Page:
I took the Mumbai Metro…..
Last week I took a short ride in Mumbai’s newly-opened Metro. It was mildly chaotic, the doors opened and didn’t close as station staff tried to huddle passengers inside or ensure that there were no glitches and the announcements though audible, weren’t accurate.
All this is to be expected in a service that’s has just started: teething problems, crowd management issues – tens of thousands taking a fun ride – and some unfamiliarity with entry and exit procedures.
At Rs 10 per ride for an 11km distance, the travelers are making the most of this limited and affordable opportunity. It is a very welcome change from the bumper-to-bumper bus and car traffic and snarls that have characterised this east-west trunk route in the island city, for as long as anyone can remember.
Travel rates will rise once the company that built the line (three years and more in the making) and the transport authority that will run the service sort out this issue.
India’s financial capital has needed such a service for goodness knows how long so in it enthusiasm to embrace the new travel mode, there are certain things that bear some serious thought:
Getting a hold on user fees: As India looks to boost its much-needed infrastructure, be it roads, highways or ports, it is important to get a hold on this issue as this is what an investor needs clarity on. If this remains uncertain, it will not give a clear signal to future investors.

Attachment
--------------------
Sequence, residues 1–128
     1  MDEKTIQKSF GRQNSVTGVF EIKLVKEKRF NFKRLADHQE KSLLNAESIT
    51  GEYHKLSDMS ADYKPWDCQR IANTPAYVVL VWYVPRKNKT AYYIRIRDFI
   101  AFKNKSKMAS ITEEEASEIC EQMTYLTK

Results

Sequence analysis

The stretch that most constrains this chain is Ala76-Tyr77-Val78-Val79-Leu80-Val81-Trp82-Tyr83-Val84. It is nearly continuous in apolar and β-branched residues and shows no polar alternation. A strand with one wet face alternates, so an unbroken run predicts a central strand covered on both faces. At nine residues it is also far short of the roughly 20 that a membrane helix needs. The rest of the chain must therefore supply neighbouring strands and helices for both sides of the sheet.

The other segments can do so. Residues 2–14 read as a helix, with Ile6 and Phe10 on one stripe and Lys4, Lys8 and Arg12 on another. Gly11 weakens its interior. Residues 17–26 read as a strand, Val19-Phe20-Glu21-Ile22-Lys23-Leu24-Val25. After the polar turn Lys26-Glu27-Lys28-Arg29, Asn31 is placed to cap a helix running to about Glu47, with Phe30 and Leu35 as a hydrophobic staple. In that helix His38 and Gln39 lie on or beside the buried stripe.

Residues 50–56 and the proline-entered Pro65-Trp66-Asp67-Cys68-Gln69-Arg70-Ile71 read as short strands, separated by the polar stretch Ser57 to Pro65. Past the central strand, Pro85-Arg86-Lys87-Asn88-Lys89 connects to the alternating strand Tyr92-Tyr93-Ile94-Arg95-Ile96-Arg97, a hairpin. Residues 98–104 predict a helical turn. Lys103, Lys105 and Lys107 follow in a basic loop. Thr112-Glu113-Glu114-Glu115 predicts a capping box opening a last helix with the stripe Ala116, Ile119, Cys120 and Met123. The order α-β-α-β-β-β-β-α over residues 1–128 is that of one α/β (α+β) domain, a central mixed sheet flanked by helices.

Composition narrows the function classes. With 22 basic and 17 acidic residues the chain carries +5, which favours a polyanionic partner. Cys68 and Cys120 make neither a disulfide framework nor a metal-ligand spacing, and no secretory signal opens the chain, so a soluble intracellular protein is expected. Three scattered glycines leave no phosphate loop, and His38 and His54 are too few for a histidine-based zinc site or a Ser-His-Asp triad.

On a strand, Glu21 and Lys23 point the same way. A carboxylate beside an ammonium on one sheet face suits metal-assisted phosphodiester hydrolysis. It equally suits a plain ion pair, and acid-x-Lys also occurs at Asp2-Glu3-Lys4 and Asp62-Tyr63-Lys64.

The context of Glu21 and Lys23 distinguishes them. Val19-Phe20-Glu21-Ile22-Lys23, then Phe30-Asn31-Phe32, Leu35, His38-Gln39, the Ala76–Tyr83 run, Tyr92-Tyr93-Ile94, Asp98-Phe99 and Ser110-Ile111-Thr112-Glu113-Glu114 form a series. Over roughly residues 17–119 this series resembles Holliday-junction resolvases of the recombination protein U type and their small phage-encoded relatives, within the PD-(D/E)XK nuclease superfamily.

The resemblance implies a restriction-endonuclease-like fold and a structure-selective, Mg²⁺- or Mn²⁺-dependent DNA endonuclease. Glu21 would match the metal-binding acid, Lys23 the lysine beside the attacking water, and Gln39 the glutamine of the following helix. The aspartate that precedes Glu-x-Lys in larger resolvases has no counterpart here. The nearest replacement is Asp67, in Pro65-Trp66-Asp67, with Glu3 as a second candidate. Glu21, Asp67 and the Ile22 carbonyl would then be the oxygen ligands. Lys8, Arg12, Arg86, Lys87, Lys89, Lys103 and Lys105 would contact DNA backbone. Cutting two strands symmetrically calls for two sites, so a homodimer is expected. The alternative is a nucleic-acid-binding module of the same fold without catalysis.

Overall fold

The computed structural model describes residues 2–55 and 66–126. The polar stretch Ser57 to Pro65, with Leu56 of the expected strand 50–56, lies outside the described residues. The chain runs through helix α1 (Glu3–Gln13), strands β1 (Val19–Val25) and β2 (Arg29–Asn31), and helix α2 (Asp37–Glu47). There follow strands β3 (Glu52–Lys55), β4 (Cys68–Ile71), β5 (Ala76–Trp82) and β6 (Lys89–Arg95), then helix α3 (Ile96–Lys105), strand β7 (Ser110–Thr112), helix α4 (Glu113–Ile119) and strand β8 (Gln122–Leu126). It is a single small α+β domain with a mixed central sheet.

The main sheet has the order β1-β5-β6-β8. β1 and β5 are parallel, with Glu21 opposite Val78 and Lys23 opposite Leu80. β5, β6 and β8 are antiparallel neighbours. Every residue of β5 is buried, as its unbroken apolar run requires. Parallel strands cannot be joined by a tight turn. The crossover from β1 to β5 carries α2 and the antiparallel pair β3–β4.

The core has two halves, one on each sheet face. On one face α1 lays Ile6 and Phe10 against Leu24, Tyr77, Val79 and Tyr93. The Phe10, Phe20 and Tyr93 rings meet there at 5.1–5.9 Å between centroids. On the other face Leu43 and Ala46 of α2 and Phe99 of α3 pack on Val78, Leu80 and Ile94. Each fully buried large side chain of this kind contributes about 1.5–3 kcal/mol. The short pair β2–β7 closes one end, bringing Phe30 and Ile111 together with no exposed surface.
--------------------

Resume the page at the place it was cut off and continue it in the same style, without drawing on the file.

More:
Mumbai needs a network of metros if it to reduce congestion – and all must make money – but with only one approved project, only a small dent is being made in this major problem.
India is one of the work’s most attractive markets for infrastructure says PwC which adds that the government has called for $1 trillion (Rs 5,996,000 crore) in infrastructure spending in the five years through 2017.
Planning multi-modal transport: With the inauguration of the metro, Mumbai gets another mode of travel in an east-west axis that has been largely under-served. While buses on the route ran much below capacity, one newspaper report suggested that once the Metro rates go up, the travelling public will revert to buses. Assuming that the Metro authorities and the bus service people have not spoken about this, they needed to much before the Metro was flagged off. Buses taken off on this route can potentially be pressed into service in other routes where, as any Mumbai resident will tell you, demand overwhelms supply.
Safety and fire issues: The Metro has been approved for travel but I am not aware if there has been a safety and fire drill in the areas below the elevated Metro stations. The route is virtually sandwiched between rows of old and new buildings, and slums – and is almost cheek-by-jowl with them. In the case of a fire, one can only wonder how ambulances and fire engines would be able to approach the area, turn around and do their job.
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